The Traveling Geologist recently included a piece on Sam Broom-Fendley’s experiences conducting research at the Songwe Carbonatite, southern Malawi. He is a PhD researcher at Camborne School of Mines (University of Exeter), and the British Geological Survey (BGS), where is exploring geological mechanisms that enrich the heavy rare earth elements in carbonatite complexes.
The site of Broom-Fendley’s research falls under an Exclusive Prospecting Licence held by Mkango Resources. In September, Mkango announced positive pre-feasibility study results for its Songwe Hill Rare Earth Exploration Project in Phalombe District. The press release is available here.
Here is an excerpt of the piece about Broom-Fendley’s research journey in Malawi:
Day one of the PhD, and somehow I found myself on a flight to Blantyre International to embark on a month of fieldwork looking for minerals I had never heard of (synchysite, parisite, basnasite), in a rock type I had never seen before. I would have to learn quickly.
It was 2011, and the World had recently gone potty for the rare earth elements (REEs – click this link for a snazzy BBC video with sound effects). China dominated 97 % of the global supply, and the US, EU and other governments declared the REE a ‘Critical metal’ – metals crucial to the economy, but with a risk of supply volatility. The price of the REE soared. From end 2010 to end 2011 the neodymium price increased from US$25/tonne to over $300/t! Experts took delight in the fact that the term REE is something of a misnomer, there are REE everywhere! It seemed to be a golden age for exploration – the West wanted lots of REE, and there were plenty of deposits where it could be found.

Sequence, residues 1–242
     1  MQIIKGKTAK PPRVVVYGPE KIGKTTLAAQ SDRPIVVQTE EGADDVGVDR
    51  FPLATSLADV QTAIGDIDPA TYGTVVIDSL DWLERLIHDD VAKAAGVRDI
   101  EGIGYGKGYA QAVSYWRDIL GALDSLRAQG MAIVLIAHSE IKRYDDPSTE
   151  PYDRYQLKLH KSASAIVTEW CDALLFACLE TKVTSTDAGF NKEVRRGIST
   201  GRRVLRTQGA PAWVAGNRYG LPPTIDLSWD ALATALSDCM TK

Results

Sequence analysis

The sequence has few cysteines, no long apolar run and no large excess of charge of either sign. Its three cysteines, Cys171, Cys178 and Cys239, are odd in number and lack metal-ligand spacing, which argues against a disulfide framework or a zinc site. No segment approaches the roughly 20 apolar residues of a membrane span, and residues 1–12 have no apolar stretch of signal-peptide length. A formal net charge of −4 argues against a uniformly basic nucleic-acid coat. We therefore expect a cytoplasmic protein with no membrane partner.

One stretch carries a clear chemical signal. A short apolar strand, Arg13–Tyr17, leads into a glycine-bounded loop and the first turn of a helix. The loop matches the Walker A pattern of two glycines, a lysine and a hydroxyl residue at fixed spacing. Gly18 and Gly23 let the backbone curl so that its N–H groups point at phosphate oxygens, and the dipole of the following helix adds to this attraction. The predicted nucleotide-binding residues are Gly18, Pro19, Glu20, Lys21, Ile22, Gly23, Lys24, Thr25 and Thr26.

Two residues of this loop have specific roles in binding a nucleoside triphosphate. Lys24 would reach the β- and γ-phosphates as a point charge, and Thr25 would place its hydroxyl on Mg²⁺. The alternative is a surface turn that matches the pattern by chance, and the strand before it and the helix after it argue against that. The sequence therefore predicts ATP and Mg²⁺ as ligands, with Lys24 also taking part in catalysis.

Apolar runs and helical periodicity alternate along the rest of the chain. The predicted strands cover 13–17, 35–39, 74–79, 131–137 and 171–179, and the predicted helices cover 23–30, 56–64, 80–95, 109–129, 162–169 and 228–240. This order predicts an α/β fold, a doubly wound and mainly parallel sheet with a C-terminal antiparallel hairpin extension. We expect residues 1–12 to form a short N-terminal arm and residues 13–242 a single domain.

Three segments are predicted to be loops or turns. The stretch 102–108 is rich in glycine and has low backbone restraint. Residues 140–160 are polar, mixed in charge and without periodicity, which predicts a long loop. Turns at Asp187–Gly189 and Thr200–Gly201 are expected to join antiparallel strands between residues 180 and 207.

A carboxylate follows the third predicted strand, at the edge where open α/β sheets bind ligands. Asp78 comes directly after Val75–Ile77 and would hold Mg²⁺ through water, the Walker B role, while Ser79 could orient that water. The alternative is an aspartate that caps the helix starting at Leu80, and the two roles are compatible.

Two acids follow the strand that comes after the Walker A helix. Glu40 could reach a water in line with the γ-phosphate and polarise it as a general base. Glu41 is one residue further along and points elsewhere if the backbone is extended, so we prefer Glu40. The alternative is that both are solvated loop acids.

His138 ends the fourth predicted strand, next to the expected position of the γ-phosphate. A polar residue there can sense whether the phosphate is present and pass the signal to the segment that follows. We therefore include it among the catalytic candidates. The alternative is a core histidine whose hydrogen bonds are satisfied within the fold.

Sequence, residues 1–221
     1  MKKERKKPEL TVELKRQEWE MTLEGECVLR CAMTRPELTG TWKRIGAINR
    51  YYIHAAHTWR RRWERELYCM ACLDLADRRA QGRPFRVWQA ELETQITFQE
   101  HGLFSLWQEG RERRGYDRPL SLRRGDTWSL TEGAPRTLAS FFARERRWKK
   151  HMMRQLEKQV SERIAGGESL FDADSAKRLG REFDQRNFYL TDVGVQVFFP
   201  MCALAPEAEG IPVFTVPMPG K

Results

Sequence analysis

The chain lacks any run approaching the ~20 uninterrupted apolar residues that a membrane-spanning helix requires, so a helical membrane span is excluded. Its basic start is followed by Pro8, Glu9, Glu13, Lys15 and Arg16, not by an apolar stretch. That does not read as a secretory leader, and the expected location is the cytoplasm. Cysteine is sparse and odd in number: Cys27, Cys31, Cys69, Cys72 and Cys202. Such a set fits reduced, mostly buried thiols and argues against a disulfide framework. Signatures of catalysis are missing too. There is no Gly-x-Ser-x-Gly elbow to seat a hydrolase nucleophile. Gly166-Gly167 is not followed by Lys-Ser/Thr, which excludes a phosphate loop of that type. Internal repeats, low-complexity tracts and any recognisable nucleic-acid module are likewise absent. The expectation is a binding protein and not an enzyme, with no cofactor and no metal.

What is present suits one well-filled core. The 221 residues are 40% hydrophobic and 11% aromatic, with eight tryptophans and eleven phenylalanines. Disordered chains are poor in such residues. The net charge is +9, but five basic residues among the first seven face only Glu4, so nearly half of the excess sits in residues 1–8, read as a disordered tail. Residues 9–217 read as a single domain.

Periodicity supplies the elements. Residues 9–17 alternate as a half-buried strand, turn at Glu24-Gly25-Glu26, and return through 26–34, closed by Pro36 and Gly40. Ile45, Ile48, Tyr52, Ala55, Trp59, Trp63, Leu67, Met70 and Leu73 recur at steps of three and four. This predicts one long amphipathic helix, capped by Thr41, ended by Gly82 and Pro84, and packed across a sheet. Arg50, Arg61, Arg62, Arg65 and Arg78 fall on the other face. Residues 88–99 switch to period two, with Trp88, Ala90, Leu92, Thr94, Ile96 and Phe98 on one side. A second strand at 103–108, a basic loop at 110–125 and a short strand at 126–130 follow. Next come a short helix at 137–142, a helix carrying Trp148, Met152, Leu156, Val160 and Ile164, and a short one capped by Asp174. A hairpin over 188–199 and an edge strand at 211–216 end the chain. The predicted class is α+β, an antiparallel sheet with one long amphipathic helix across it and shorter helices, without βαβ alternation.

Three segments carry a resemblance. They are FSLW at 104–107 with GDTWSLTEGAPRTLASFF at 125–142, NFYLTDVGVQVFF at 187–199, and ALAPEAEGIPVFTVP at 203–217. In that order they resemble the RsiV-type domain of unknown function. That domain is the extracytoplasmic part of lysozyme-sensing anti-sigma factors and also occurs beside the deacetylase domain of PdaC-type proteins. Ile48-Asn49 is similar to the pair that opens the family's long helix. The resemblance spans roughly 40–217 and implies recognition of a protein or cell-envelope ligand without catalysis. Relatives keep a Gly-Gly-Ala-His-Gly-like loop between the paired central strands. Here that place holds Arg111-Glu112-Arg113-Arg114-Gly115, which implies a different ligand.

My trip to Malawi was not a solitary affair. I was to work in collaboration with an exploration company, Mkango Resources, who were quick off the mark in the hunt for new REE supplies. Mkango held the license to explore large areas of the Chilwa Alkaline Province, a province roughly 300 km in diameter comprised of Jurassic-Cretaceous alkaline intrusions and carbonatites. Their main project was (and is) the Songwe Hill carbonatite, located on the Malawi—Mozambique border in a relatively remote and arid part of South-West Malawi.
While geologists generally consider the REE as a single group, our colleagues in industry only want specific elements. Elements such as Dysprosium, Europium, and Neodymium. Most of the rest are not useful. To make matters more difficult, most of the elements in demand are mid or heavy (H)REE. And as any undergraduate geochemist knows, these are not as common either in the Solar System or in the continental crust (*** garnets!) as the light rare earths (L)REE. Differences between the available supply and industry demand mean that the price of the HREE, relative to the LREE, can be over 2 orders of magnitude greater (Eu peaked at over 5000 USD/Kg in 2011).
The Songwe-Hill carbonatite is LREE-enriched, common to most other carbonatites, coming as they do from a low-degree partial melt of a fertile subcontinetal lithosphere. My task, as a PhD student, was to look for the improbable – areas in the carbonatite where HREE enrichment could be found. Not necessarily a long shot – there are some hints in the literature of HREE-enrichment taking place in carbonatites, but examples are few, and often leave more questions than answers. In short, I was to find a HREE deposit in a rock commonly held as an example of the most extremely LREE-enriched rock types known.
You can read the full piece here.